- Men’s ice hockey crushes Colgate, 4-1
- Men’s basketball falls to Brown in non-conference finale
- Fall Sports Awards
- Health center implements new policy for spring 2017
- Quinnipiac men’s ice hockey drops third straight, 4-1 to Princeton
- Serving up tradition
- Anne Dichele appointed as Interim Dean of the School of Education
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- The Chronicle’s top ten news stories in 2016
Adjunct professor keeps it busy
While checking qureview.com or ratemyprofessor.com, students often fail to check if a potential professor is in fact an adjunct, and it could result in missing out on a truly invaluable experience.
Quinnipiac University hires many adjunct professors, and if they are anything like Laurie Scheer, they will be helping you out in more ways than one. Not only will they teach what is in the textbook, but will also give valuable insights into the real world.
Scheer started teaching in 1994. She had many jobs beforehand that contributed to the knowledge she is able to share with her students today. Scheer feels the reason she decided to teach was that she wanted to give back what she had learned and she, “Realized that I had knowledge I could share.”
Currently, Scheer teaches media communications, media history, and research methods courses at Quinnipiac. She also is currently teaching three online courses on screenwriting with mediabistro.com. She is one of the first people to teach a course on online video writing.
However, aside from teaching Scheer is currently involved in a variety of other things. She does a lot of work for the National Association of Television Program Executives (NAPTE). For them she organizes events, works at the NAPTE Boot camp, is a speaker at the NAPTE convention, is a moderator, and puts together media panels there. She is also a judge and presenter of the International Emmys. Scheer also works at the Film Television, Expo (FTX) that is about Canadian film and television issues. She is also a media consultant with a number of internet networks in the Bay area.
When Scheer graduated from Marquette University with a B.A. in Broadcasting in the late 1980’s she drove her car straight to Los Angeles. Within five days of arriving in Southern California Scheer earned a job as an assistant for ABC working on drama shows.
She worked up to a production assistant at ABC and then eventually moved to Viacom where she worked for 10 years. There she was a story analyst to the director of development for stations such as MTV, Showtime, Nickelodeon, VH1 and other Viacom productions.
From LA, Scheer moved to Chicago and got her masters degree in pop culture with an emphasis on media from DePaul University. She then started teaching at Northwestern University, Columbia College, DePaul University, and the University of Chicago.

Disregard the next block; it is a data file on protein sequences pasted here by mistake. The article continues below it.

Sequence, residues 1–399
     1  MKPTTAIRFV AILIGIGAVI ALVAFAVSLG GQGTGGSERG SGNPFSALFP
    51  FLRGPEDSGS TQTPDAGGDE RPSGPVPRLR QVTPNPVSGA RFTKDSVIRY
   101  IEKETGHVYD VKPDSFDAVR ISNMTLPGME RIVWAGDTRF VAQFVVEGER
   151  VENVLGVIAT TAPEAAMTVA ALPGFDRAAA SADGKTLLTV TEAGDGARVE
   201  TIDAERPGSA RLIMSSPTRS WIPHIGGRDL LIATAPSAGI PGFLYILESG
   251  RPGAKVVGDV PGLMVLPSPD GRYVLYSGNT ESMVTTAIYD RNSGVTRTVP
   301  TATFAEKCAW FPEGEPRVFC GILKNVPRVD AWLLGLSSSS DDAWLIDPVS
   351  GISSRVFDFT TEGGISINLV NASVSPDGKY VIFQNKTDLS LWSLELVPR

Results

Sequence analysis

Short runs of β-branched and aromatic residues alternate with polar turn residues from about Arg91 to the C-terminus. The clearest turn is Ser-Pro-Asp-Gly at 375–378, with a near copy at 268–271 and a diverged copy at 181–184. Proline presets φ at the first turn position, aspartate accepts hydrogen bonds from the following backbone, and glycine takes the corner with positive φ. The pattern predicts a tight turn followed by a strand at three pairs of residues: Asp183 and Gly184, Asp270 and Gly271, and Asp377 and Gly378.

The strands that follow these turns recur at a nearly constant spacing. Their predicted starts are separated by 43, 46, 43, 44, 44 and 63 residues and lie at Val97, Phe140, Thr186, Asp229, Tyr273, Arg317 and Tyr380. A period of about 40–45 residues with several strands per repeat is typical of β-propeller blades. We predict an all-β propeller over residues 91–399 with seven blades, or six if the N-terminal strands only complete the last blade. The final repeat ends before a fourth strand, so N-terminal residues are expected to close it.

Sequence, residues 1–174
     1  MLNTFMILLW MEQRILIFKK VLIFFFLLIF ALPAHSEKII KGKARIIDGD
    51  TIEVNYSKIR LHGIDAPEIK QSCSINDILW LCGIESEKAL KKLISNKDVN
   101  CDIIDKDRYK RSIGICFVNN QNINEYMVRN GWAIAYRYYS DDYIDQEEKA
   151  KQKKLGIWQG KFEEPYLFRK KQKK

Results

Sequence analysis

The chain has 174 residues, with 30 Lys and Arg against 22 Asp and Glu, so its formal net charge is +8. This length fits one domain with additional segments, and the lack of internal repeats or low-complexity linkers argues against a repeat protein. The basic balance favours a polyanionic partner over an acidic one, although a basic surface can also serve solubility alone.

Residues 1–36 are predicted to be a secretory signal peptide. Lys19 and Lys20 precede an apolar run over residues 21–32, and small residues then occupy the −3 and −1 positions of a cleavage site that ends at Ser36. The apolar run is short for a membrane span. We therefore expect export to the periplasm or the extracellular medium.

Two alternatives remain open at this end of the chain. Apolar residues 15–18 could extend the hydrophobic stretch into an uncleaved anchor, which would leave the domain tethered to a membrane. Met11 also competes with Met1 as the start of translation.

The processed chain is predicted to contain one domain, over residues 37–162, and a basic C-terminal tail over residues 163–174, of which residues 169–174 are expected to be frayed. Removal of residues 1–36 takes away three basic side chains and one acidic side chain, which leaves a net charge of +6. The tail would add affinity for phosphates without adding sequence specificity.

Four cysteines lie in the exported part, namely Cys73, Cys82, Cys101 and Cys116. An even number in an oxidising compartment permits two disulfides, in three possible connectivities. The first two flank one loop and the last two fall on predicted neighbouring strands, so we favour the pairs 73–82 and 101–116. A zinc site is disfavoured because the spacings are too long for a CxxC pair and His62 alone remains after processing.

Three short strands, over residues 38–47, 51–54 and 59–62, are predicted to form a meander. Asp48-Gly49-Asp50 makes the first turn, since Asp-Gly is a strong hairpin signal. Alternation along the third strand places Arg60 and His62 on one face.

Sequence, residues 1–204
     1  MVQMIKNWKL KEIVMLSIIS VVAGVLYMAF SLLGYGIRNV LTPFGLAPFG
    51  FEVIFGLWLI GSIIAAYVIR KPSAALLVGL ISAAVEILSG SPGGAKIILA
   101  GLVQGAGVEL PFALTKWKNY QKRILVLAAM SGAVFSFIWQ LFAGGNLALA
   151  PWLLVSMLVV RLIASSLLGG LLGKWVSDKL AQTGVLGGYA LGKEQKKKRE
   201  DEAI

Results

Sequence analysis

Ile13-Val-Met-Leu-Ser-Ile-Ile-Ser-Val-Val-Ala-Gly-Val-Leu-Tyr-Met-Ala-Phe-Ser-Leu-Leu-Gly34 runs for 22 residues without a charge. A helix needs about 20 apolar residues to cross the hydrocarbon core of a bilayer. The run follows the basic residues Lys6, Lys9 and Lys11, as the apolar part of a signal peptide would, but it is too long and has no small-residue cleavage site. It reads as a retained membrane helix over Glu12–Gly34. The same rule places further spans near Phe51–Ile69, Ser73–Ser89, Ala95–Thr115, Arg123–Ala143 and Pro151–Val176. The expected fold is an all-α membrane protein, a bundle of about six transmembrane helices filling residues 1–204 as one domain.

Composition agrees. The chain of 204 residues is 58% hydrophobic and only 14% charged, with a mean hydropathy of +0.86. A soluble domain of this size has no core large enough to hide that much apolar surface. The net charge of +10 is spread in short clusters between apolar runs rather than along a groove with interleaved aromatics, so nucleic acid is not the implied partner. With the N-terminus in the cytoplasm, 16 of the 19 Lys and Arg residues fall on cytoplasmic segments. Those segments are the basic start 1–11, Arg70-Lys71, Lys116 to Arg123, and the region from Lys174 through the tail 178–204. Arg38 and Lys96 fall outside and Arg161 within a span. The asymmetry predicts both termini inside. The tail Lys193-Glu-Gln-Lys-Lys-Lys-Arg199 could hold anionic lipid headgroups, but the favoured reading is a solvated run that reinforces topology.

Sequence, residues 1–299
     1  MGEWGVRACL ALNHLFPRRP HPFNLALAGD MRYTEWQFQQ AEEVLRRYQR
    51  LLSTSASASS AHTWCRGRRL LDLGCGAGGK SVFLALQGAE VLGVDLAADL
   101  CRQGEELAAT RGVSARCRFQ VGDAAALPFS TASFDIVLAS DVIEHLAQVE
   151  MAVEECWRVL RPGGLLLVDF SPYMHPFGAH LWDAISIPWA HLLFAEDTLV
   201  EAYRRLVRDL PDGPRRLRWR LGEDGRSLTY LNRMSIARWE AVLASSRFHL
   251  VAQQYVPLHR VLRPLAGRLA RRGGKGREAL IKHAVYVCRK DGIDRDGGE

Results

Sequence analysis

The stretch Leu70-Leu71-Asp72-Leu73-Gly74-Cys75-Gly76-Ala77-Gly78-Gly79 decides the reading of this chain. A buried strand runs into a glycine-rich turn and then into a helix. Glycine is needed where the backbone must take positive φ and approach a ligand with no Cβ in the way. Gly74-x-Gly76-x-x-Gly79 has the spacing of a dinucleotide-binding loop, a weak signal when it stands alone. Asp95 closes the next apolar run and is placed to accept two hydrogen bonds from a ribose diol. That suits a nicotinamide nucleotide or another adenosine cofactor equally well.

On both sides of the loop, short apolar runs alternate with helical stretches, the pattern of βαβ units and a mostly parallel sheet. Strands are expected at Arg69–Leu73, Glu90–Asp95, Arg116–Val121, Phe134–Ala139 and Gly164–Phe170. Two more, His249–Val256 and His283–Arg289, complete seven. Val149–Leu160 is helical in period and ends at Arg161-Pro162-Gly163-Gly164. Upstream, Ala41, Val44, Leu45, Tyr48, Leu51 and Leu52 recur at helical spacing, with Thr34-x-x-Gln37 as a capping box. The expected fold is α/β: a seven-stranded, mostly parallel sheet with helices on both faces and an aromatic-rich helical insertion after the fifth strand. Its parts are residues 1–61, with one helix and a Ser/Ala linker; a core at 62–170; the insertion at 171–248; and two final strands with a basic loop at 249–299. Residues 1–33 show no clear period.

After teaching, she went back to working in the media field, moved to New York City, and became the Vice President of Programming at Women’s Entertainment, a network that she helped to launch.
Scheer eventually traveled back to Los Angeles to write a book entitled, “Creative Careers in Hollywood” which was published in 2002 by Allworth Press.
The Library Journal describes it as, “Divided into 12 chapters, the book covers a variety of basic positions, including actor, writer, and studio executive, with additional information on ‘lot life’ and other aspects of the film world.”
Scheer also has released a DVD entitled, “How to Pitch and Sell Your Screenplay.”
However, as much fun as Scheer has had working at her other jobs, her real passion is in teaching.
The things that she has learned from her years prior to teaching and even what she is experiencing today contributes to the information she shares with her students.
“I love to combine media with teaching,” Scheer said.
Not only does she receive media feedback, but every class she teaches provides her with even more feedback and helps her with programming in the real world.
“(I) want to share and impart my knowledge so that the next generation of media professionals will be successful,” Scheer said.
Scheer has many students who have become success stories, in large part because of the knowledge she gained from the media world that she was able to share with her students.
One of her students recently won and award for the best drama pilot at the New York Television Festival. Another is the producer of major films at Universal Studios, and a third is the head editor of the television network, The CW. In addition, another former student of Scheer’s is the head of development at Sony Columbia Animation.
To Scheer, these success stories are her biggest accomplishment.
She said, “To see the actual manifestation of what I’ve taught or shared with these students… to me that’s the success I have right now.”
If Scheer is ever absent from class, it is most likely that she took a short trip back to Los Angeles.
However, for now, she will remain on the East Coast for personal reasons, and while she is here, students will continue to take advantage of what this media expert can offer to impressionable students.